On October 30, 1935, a deadly airplane crash would forever change the future of aviation. Boeing was set to revolutionize the US Military, and the entire airline industry, by introducing the brand new Model 299, also known as the Boeing B-17 Flying Fortress. This flying marvel of technology was in development for 5 years. It had 4 engines, a central bomb bay, and gunner stations throughout the fuselage.
It was the most sophisticated airplane in aviation history.
Boeing spared no expense putting on an elaborate show the for U.S. Army Air Corps. After all, they were competing for a multi-million dollar bid that would help launch them into the multi-billion dollar aviation conglomerate Boeing is today.
Boeing and the U.S. Army Air Corps met at Wright Field, just northeast of Dayton, Ohio.
The Model 299 was piloted by Major Ployer P. Hill, U.S. Army Air Corps, and co-piloted by Lieutenant Donald Leander Putt.
Taking no chances, Beoing’s Chief Test Pilot Leslie R. Tower and Beoing mechanic C.W. Benton were also aboard the doomed plane.
Upon take off, the U.S. Army Air Corps and members of the Boeing corporation looked on with excitement and pride for the future of American aviation.
The aircraft sped down the runway, achieved perfect lift, began to climb, and within seconds, stalled, banked, and crashed into the field, as onlookers watched in horror.
Two people were killed onboard, including the pilot, Major Ployer P. Hill. The co-pilot and two others onboard were pulled from the burning wreckage, thus saving their lives.
An investigation found the airplane to be in perfect condition. No mechanical failure could be found that would have resulted in the deadly crash. Upon deeper investigation and eye witness reports, including the surviving co-pilot, it was determined that the flight crew had simply forgot to release the flight control gust locks. Thus causing the plane to nose dive into the ground, immediately after takeoff.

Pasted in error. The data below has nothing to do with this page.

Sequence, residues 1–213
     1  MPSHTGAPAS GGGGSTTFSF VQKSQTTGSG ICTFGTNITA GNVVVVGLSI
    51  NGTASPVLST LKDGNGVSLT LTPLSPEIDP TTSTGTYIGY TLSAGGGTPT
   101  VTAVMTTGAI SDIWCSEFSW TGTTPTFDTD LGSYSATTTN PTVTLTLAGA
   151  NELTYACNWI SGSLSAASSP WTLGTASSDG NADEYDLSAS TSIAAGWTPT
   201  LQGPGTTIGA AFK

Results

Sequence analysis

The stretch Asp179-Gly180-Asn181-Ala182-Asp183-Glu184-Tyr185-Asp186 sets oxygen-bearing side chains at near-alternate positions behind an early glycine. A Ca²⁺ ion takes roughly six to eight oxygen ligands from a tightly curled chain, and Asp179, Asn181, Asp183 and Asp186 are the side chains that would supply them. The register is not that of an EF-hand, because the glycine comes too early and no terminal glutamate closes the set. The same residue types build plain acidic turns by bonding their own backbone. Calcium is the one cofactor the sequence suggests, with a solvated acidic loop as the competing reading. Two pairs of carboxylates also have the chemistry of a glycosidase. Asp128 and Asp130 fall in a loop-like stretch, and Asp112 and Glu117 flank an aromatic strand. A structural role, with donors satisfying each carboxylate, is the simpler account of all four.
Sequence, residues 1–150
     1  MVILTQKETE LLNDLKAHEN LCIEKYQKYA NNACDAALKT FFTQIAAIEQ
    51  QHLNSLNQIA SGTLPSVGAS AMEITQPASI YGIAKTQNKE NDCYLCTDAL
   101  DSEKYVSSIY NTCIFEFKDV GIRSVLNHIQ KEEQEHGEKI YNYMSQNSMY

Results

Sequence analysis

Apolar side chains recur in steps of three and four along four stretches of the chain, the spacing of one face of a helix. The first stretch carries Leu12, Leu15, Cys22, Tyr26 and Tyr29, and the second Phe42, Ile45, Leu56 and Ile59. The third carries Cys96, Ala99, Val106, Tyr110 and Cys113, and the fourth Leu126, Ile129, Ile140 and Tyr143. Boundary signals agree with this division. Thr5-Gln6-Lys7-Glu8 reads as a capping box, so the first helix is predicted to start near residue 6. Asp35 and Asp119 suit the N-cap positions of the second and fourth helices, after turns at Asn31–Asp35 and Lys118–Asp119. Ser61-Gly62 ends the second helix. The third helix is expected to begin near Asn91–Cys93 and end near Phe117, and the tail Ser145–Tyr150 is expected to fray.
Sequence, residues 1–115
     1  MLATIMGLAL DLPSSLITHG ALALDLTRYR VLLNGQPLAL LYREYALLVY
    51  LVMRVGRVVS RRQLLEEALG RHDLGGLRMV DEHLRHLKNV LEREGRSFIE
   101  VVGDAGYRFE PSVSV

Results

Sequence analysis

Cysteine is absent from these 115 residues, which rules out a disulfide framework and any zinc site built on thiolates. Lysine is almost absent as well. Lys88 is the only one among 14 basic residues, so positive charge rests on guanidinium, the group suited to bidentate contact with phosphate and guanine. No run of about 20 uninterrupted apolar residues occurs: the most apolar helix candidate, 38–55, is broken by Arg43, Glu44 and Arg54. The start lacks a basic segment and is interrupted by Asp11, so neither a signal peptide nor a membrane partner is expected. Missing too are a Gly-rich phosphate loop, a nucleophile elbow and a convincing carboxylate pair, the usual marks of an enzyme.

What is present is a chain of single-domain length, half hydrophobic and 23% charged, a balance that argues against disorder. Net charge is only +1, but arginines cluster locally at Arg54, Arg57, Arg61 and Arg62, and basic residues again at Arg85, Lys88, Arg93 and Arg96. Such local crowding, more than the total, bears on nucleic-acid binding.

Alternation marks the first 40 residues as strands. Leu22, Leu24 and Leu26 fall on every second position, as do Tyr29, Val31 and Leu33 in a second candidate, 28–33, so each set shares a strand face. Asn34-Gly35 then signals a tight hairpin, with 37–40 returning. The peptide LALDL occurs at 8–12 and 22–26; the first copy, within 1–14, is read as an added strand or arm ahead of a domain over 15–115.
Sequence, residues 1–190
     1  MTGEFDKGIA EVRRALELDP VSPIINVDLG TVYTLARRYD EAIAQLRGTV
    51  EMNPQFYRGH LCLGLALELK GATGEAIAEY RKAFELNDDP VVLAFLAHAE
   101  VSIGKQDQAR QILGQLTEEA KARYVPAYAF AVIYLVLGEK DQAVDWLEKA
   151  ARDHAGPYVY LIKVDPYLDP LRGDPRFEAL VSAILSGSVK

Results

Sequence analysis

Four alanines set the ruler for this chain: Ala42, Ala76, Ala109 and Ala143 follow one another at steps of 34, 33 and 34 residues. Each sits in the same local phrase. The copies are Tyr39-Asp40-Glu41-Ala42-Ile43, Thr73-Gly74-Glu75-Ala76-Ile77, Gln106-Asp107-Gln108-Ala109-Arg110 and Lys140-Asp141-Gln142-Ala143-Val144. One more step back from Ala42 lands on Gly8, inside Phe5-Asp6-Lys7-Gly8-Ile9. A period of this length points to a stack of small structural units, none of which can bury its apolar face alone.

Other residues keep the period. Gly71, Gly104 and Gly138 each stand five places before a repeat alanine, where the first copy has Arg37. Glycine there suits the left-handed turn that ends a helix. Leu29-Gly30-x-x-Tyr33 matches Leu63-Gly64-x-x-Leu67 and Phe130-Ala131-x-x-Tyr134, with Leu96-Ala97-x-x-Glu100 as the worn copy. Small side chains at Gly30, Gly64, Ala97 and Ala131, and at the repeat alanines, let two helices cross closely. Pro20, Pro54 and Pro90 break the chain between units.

How could something so trivial be forgotten?
It was further determined that the airplane was “too complex” for man to fly. Technology, and the sheer amount of tasks required to safely takeoff in a modern day airplane had surpassed the limitations of the human memory.
In simpler terms, there were too many things to remember, even for the best pilots in world.
After the crash of the Model 299 on October 30, 1935, the Checklist was introduced by Boeing, as a permanent and mandatory tool, to be used by all pilots in the Boeing fleet.
After the checklist was introduced, Boeing was able to eventually sell the Model 299 to the U.S. Army Air Corps, where it flew for years without incident.
Today, you can’t takeoff or land in a commercial airplane without a mandatory checklists being used by your pilots. It doesn’t stop there; from the creation of each plane, to maintenance checks, to the flight attendants who assist with your inservice flight, checklists are mandatory through the airpline industry.
Countless lives saved by the most important plugin of the mind, the checklist.
The checklist has expended beyond aviation and are now mandatory tools used by surgeons, nurses, architects, educators, software, marketing, psychology and every other industry you can think off.
The power of this story and many others just like it, where the inspiration behind checkli.com, my startup that helps anyone discover and use the best checklists in the world.
Checklists have provided me, and many others, an alternative solution to medications like Ritalin and Adderall. They help stay us focused, as we are inundated with endless distractions, thoughts and technology.
Whether you’re using a pen and paper, or your favorite app, the checklist is the ultimate plugin of the mind.
Take advantage of this free tool.
Happy National Checklist Day.